In July 2013 Al-Nour controversially announced it supported popular calls for Islamist president Mohamed Morsi to be ousted, distancing itself from the Brotherhood and aligning with non-Islamist opposition forces.
Despite endorsing President Abdel-Fattah El-Sisi in the 2014 presidential elections after Morsi's ouster - as well as his policies since then - and insisting they are not a religious-based party, the Al-Nour Party faces pressure.
There are popular campaigns calling for voters to shun the salafist party on account of its religious roots and lawsuits aiming to have it banned from running in the elections.
Nevertheless Al-Nour are officially contesting the elections, and as the only major Islamist group doing so they may attract voters from the Islamist spectrum.
Al-Wasat Party: Boycotting the elections
Defectors from the Muslims Brotherhood unofficially founded the moderate Islamist Al-Wasat (The Centre) Party in the 1990s.
In 2011 they became a legitimate party and won 10 seats in the parliamentary elections, two percent of the house.
Al-Wasat supported Morsi and the Muslim Brotherhood after their July 2013 ouster and released a statement as late as September 2015 stating that their position has not changed.
They see Morsi as a legitimately elected president and, despite asserting that the Muslim Brotherhood has no claim to political authority, are boycotting the upcoming elections in protest of Morsi’s ouster.
The party is restructuring after its leader Abu-Ela Mady was released from a two-year detention pending investigations on riot-related charges.
That said, a former member who was an MP for the party in 2011, Tarek El-Malt, is running as an individual in the Agouza and Dokki constituency in Giza.
The Gama’a Islamiyaa’s Building and Development Party: Another boycotter
The political arm of the Gama'a Islamiyaa (Islamic Group), the Building and Development Party won 13 seats in the 2011 parliament as part a coalition led by Al-Nour.
Along with their parent organisation, the Building and Development Party has supported Morsi since his ouster, joining the pro-Morsi National Alliance Supporting Legitimacy.
In Septembe, leader Khaled El-Sherif declared that the ultra-conservative Islamist party would boycott the parliamentary elections.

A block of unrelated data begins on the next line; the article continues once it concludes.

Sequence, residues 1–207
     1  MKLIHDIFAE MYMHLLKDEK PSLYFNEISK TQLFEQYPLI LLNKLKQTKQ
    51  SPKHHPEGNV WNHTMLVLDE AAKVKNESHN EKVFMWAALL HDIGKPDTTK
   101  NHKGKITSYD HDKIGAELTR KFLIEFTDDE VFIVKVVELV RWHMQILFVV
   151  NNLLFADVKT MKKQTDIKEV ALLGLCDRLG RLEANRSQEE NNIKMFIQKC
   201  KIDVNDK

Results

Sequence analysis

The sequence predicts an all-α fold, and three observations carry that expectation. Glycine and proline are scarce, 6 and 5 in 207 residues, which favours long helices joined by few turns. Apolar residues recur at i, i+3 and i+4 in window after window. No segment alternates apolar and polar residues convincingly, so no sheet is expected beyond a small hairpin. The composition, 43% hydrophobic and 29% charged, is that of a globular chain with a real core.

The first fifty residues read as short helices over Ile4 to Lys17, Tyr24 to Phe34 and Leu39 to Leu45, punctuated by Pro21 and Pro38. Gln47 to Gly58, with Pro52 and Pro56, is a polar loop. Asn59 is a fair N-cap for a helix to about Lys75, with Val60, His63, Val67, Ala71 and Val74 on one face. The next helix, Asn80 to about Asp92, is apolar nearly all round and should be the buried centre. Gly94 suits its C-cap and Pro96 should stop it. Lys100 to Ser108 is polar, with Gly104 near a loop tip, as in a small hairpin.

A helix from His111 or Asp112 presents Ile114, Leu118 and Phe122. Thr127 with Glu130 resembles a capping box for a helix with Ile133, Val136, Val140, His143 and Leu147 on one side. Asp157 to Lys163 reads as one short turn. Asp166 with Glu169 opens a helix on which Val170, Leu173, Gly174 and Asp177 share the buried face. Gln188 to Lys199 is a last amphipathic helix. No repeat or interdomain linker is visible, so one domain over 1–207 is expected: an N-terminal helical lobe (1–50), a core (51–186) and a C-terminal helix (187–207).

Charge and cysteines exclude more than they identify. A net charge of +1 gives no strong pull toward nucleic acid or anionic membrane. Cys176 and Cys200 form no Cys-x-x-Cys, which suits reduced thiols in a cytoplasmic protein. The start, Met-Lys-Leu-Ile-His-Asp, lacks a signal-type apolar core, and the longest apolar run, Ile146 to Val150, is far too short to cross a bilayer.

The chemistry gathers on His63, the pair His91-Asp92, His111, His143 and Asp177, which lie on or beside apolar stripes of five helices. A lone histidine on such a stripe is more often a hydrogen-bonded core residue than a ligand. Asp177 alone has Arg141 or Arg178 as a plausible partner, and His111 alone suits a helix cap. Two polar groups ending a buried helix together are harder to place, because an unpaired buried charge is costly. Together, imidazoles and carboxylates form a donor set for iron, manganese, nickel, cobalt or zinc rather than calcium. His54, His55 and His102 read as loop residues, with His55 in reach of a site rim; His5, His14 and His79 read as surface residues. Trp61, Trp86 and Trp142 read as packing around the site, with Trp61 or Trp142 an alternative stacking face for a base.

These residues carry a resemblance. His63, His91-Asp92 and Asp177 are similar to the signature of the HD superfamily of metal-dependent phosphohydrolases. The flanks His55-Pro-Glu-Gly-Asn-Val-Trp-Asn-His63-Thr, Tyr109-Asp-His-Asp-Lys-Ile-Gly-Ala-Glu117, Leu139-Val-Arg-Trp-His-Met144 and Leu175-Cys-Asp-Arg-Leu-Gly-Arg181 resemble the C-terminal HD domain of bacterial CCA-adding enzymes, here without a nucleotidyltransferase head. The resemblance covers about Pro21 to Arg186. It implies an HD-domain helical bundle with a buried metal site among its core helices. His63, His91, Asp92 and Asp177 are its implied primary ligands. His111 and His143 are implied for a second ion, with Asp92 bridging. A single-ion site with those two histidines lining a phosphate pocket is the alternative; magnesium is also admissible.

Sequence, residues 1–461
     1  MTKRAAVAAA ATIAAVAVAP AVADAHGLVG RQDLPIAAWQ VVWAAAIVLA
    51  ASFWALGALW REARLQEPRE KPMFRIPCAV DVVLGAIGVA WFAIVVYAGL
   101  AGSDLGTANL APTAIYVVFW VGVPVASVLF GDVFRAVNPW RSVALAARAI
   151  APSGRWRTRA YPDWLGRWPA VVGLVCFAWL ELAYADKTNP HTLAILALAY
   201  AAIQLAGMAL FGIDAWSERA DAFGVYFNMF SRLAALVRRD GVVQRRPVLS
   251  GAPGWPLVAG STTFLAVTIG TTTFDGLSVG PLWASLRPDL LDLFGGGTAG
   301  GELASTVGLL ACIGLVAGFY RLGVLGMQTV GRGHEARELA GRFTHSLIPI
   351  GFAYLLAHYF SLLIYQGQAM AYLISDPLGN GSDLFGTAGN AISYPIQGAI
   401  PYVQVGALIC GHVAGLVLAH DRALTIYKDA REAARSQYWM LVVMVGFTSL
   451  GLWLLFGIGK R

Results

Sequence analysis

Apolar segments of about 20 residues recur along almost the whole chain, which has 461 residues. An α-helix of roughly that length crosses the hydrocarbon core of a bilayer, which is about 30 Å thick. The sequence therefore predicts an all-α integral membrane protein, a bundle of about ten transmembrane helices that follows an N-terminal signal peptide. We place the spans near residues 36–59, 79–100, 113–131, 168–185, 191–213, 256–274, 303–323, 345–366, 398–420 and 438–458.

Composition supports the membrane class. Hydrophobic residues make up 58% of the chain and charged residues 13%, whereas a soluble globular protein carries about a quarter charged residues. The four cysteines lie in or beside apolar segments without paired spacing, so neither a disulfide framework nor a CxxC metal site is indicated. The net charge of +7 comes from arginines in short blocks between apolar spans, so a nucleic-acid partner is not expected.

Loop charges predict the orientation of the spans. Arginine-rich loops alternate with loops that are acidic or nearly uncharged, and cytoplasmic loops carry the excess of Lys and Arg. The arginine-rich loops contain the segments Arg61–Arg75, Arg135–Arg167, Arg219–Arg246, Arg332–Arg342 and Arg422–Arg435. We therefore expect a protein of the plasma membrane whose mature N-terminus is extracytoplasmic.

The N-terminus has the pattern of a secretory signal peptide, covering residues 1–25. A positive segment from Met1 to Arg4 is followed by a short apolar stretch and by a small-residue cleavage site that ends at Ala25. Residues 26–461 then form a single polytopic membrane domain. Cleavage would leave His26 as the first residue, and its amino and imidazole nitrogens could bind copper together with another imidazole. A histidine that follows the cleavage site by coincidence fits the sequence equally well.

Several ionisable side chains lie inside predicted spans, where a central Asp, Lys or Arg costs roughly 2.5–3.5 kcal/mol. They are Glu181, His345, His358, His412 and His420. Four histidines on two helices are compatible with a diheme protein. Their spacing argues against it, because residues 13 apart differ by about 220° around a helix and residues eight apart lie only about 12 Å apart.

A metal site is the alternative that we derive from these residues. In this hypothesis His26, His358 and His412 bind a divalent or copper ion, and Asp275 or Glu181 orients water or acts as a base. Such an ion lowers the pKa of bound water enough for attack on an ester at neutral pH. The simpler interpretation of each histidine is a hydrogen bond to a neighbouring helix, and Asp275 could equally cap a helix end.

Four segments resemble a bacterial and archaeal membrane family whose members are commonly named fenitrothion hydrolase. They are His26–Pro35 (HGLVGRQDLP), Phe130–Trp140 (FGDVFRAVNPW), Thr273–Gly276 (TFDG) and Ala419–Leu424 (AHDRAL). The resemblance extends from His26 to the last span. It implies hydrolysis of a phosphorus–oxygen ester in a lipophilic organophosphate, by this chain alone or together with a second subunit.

“The current circumstances in Egypt will lead to a fragile parliament that is merely a decoration of and an extension to Mubarak's regime, which is coming back,” said El-Sherif, in reference to the large number of former Mubarak NDP members who are running in the elections.
Non-Islamists remain concerned
Political parties outside of Islamism have expressed worries that Islamists will again have too much power in parliament.
Such fears are expressed in campaigns like No to Religious Parties in Parliament and in statements by parties including the right-of-centre Al-Wafd and Free Egyptians.
Despite court rulings against the Muslim Brotherhood and its members, non-Islamists fear undeclared members may run as individuals.
Aside from Brotherhood members, whose identity is difficult to ascertain anyway, no legal obstacles block Islamists from running and they certainly will not lack the funding to do so.
Islamist candidates have the right to run in their constituencies and it remains hard to predict to what degree they will make up in the impending parliament.
"What happened in the 2011 parliamentary elections won't be repeated again, neither by the Brotherhood or Al-Nour," political analyst Amar Ali Hassan told Ahram Online.
Hassan believes Egyptian voters will not be so quick to forgive Islamists just two years on from mass protests against the rule of the Brotherhood’s Morsi.
"Massive public support for Islamists led to an unprecedented landslide victory in 2011’s elections but ended in huge disappointment and led to mass protests against the Brotherhood and Islamists in July of 2013," Hassan commented.
The political analyst believes the Al-Nour Party will win some seats but not on the same scale as in 2011.
In the end only the ballot box can tell the extent of the Islamist presence in the next parliament.